The Federal Trade Commission (FTC) recently published a paper recapping its December 2017 Informational Injury Workshop. Workshop participants, including academics, industry experts, consumer advocates, and government researchers, discussed what types of consumer harm might qualify as “substantial injury” under the FTC Act and what factors should be considered. The paper noted that several important points emerged from the workshop:
Informational Injuries: Examples and Harms
- In cases involving medical identity theft, some participants noted that consumer injuries can go beyond financial harm and often include inaccurate information in medical files. They argued that this can lead to more serious issues for treatment and patient safety.
- Some victims of doxing, the deliberate and targeted release of private information about an individual, can lose access to important devices, files, and services that can be used to extort the victim.
- Some participants noted that disclosure of private information may cause both market (e.g., ability to obtain or maintain employment) and non-market (e.g., relationships with friends and family).
- Some participants also asserted that privacy and data breaches can lead to an erosion of trust in the ability of businesses to protect their data. Some believed that this can lead to disengagement that harms both the affected businesses and the consumers themselves as they miss out on the full range of benefits available.
Balancing Benefits and Harms
Participants noted that informational injuries, and the risk of such injuries, must be balanced against the benefits gained from information collection. The ad-supported Internet is a key benefit of information collection; consumers do not have to pay for services. Participants noted that some websites and online services rely heavily on user- and third-party data inputs, and that web users generally benefit from personalization.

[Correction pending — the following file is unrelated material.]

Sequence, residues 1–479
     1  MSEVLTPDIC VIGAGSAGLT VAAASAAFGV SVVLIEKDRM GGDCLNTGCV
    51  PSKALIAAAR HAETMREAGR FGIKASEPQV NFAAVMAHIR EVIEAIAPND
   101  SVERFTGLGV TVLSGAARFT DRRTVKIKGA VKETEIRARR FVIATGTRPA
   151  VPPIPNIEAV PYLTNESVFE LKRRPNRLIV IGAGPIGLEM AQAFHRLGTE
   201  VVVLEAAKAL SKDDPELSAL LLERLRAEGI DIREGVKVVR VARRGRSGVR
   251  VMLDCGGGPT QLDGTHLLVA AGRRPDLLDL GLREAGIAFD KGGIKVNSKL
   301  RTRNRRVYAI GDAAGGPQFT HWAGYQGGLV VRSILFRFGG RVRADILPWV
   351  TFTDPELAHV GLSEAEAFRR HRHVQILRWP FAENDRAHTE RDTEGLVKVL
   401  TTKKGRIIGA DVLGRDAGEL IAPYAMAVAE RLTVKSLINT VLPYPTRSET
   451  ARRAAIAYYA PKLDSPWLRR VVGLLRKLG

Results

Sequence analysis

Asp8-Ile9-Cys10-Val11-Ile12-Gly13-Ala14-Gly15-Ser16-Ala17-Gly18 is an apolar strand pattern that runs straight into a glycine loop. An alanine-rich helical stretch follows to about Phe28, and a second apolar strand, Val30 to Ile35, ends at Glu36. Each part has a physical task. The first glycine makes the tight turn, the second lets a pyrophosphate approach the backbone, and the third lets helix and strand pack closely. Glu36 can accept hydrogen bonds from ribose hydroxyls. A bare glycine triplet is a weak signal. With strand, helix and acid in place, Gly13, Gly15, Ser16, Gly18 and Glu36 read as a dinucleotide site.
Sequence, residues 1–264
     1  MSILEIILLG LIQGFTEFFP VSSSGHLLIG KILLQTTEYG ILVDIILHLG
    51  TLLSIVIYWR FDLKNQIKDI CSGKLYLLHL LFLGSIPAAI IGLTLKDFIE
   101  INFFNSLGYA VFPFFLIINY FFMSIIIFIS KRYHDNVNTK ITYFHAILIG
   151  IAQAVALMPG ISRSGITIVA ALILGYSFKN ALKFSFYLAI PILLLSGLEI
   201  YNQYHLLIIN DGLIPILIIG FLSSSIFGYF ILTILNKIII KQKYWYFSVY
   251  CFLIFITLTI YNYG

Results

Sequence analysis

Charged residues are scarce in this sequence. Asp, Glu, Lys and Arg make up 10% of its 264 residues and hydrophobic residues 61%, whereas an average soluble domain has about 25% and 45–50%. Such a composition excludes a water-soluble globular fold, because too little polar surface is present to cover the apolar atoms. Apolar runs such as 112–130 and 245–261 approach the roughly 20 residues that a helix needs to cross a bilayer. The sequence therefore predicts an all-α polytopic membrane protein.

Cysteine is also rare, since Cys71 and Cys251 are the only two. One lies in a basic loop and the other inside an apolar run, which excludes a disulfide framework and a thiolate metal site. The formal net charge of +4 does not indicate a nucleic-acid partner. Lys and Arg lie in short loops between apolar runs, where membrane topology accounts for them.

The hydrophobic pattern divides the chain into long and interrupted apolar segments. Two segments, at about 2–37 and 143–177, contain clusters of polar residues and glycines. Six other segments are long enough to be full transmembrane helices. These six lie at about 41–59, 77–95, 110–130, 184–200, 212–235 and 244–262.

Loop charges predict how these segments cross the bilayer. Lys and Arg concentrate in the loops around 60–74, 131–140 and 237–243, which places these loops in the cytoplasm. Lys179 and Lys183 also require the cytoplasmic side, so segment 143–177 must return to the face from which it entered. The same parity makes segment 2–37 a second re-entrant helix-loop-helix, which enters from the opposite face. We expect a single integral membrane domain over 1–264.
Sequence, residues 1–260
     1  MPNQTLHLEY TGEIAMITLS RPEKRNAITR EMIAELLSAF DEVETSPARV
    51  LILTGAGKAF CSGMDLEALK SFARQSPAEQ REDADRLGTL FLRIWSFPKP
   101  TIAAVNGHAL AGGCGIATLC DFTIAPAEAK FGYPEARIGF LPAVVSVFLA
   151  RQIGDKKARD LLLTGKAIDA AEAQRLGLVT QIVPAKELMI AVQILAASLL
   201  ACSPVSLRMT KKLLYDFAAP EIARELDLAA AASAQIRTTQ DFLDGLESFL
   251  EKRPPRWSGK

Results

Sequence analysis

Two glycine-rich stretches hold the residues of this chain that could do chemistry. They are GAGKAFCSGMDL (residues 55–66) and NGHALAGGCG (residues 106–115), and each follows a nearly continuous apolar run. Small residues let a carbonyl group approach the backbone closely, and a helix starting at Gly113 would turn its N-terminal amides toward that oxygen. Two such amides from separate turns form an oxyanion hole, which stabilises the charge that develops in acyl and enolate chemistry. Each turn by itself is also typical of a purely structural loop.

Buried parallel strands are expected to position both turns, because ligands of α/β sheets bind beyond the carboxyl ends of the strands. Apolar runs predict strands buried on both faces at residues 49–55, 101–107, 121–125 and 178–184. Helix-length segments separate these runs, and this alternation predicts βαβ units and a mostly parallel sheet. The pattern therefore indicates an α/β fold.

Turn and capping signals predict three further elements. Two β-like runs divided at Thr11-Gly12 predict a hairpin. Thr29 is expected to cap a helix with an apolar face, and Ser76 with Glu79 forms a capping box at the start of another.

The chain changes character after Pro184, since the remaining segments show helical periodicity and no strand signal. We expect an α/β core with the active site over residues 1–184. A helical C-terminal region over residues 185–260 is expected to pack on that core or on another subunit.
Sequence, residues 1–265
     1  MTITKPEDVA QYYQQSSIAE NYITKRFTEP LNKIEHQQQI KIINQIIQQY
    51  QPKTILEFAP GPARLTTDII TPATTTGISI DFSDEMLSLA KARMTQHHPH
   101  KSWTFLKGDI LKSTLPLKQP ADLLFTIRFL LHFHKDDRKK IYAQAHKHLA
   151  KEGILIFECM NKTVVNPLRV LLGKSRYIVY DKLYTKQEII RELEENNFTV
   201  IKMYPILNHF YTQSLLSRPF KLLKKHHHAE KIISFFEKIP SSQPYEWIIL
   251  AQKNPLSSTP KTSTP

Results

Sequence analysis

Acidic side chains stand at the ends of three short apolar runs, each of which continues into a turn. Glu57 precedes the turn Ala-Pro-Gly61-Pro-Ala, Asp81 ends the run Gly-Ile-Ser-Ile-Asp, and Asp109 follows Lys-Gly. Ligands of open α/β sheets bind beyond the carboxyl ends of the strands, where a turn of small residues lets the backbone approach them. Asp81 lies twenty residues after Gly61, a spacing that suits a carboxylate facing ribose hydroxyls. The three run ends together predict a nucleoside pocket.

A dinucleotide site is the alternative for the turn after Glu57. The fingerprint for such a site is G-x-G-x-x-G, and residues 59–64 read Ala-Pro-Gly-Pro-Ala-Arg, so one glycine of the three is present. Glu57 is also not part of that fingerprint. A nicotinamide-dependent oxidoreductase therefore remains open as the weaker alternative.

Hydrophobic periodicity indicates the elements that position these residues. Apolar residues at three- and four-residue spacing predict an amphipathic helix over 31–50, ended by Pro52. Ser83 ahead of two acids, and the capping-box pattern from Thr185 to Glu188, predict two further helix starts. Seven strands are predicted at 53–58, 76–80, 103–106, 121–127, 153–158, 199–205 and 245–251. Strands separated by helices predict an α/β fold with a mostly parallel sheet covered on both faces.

Should Government Intervene?
There was robust debate over whether and when government should intervene over informational injuries. Participants noted the importance of flexibility and innovation and wanted to avoid unintended consequences from government innovation. Some suggested three factors the government should consider before intervening:
- How sensitive is the data?
- How will the information be used?
- Will the information be anonymized or identifiable?
Should the Definition of Injury Include Risk of Injury?
One participant argued that the increased risk of harm created by certain practices should be taken into account, not just the harm itself. Another participant disagreed, arguing that if risk of injury constituted injury then “literally everything, literally the existence of these businesses, would increase the risk of injury and therefore be actionable.”
The Privacy Paradox
The privacy paradox – where people say in surveys they care about privacy but their behavior does not reflect that – was discussed at length. Participants discussed several explanations for the paradox. People may not understand the privacy risks of their behaviors or care differently about their privacy depending on context. One participant suggested that people may not file suit over data breaches because they do not want to make their name public as part of a lawsuit.
More Research Needed
Participants agreed that more research is needed on privacy and data security to help guide policymakers. In June 2019, the FTC will host its annual PrivacyCon conference that will explore new academic perspectives and ongoing research into privacy and data security issues. Additionally, the FTC is conducting an ongoing series of hearings on Competition and Consumer Protection in the 21st Century, including on privacy and data security issues.
Gregory Oshel, in our Baltimore office, contributed to this post.